Ruby has more homework than Zac.  She receives a packet to take home every Tuesday, to be returned by the following Monday.  Inside the folder might be anywhere from 8-10 sheets of paper, from handwriting drills (the letter “v” over and over) to pages of single-digit addition.  She’s a bit overwhelmed.  Zac has homework every night, true, but it’s usually only a handful of algebra problems, not pages and pages of stuff.  Ruby’s lament of “I already know how to do this!  Why do I have to keep doing it?” sounds very familiar.

I am starting my run-at-least-one-mile-every-day-until-New-Year’s streak.  Today was day 2.  The longer I ran this morning, the harder it rained.  And being I ran outside predawn, I kept hitting invisible puddles.  Well, not so invisible once my feet found them.  Only 40-something more days to go.  Woo hoo!

Yes, I am actively avoiding Black Friday as well as drowning.  Ever shopped at the grocery store the day before Thanksgiving? “Where’s the canned pumpkin?”  That’s about as much group panic as I can stand.  People get testy with those wheeled metal cages.  You’re not going to see the best of humanity today.  Nuh-uh.  It’s going to be ugly.  Naked greed will drive a lot of folks.  I don’t need lotion/clothes/electronics/toys enough to elbow my neighbor in the groin to get them.  Besides, I’m still figuring out what to get people. I want to enjoy that process of thinking and dreaming and getting inspired.  I might even make some gifts (not knitting).  I don’t want to rush to the checkout line like a rabid middle-aged dog.

This year, I plan to dodge feeling like the holidays are filled with obligations.  As a parent, I feel the pressure to supply “good” gifts, not sweat socks.  I feel the impetus to provide meaningful spiritual experiences for my children.  And I want to enjoy as much time as possible together as a nuclear and extended family.  But as Christmas 2012 draws every closer, I’m reminded that I’m not in control – at all.  Instead, I find it a good time to savor the season, the rituals and traditions, as well as the unexpected, that inevitably arises. I can answer questions and provided explanations. I can point the way to the birth of the Savior.  God will have to supply the meaning.

School Supplies

This afternoon, I bought the kids their back-to-school supplies.  It was me and several other moms – plus one dad – cruising the aisles. We wandered up one and down another, checking, inspecting and selecting. Some of the things were quite picked over.  I found no protractors and the glue sticks had been mangled out of their packaging, orphaned in the bin.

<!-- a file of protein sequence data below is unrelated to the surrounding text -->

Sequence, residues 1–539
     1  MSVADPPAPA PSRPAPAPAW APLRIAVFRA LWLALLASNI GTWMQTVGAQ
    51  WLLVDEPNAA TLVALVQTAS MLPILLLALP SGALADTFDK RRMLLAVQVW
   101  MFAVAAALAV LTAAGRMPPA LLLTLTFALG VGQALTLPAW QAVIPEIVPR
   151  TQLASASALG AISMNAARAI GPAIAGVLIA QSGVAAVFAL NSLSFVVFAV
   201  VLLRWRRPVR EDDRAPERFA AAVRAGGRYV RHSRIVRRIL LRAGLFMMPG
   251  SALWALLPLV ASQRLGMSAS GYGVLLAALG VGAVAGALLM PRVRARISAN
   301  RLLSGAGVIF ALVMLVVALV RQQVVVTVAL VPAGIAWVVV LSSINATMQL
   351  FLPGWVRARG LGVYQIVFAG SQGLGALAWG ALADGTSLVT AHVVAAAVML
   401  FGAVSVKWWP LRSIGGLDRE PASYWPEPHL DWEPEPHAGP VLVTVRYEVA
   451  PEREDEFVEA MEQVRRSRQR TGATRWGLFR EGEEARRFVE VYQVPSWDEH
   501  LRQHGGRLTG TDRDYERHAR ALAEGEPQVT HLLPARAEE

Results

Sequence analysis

It’s a lot easier to complete your shopping when the hordes do not accompany you.

I really like this time of year.  Not because I’m getting rid of the kids so they can continue their education, but a new school year always seems shiny and full of possibilities.  Okay, a little time apart might help our hearts grow fonder.

A bit of the shine got rubbed off when I looked at Ruby’s school supply list.  Clorox wipes?  Twelve glue sticks?! Is that one for every month of the year?  “Now featuring the February glue-stick-of-the-month, Elmer!” It occurred to me that the supplies for her first grade class were coming from me and every other parent. Despite being a haven for celebrating your uniqueness, the supply list left almost nothing to personalize.  Knowing Ruby, though, she will take on that all-important task with gusto. Glitter pens, anyone?

 Zac’s items were more straightforward. Thankfully, his grandma hooked him up with a cool binder which included a protractor. Score!Pencils, college-ruled paper (wide-ruled is for babies), pens, binder, and something new – highlighters.   By junior high, you are no longer part of the collective. You are an individual. Your sundries are for your use alone. However, you aren’t as special or wonderful as you were in kindergarten, in part because you’re taller and maybe your voice is changing or you’re…sprouting; your uniqueness is punished in the form of taunting and shunning, sometimes in equal measure. 

Zac has managed to dodge most of the adolescent angst so far.  He  is putting his notebook and supplies together as I write this. He wandered out a few minutes ago, stating he hopes to be in algebra this year, then he disappeared again. He’s jolly but restrained.  He’s getting excited about starting 8th grade at the junior high.  He’s got to turn in homework this year.  It’s part of his grade now.  In the last few weeks, he’s grown up a little, settled into his skin and hunkered down a bit. Last year, there was zero anticipation.  But he knew what to expect, which gave him confidence.  It’s a continual trade-off.

Ruby is happy to see her friends again and meet her new instructors for Spanish and English. She’s looking forward to new shoes more than new crayons.

And me?  I didn’t spend a ton of money but got all I need, plus some inspiration not stocked on any shelf.  Let the new school year begin!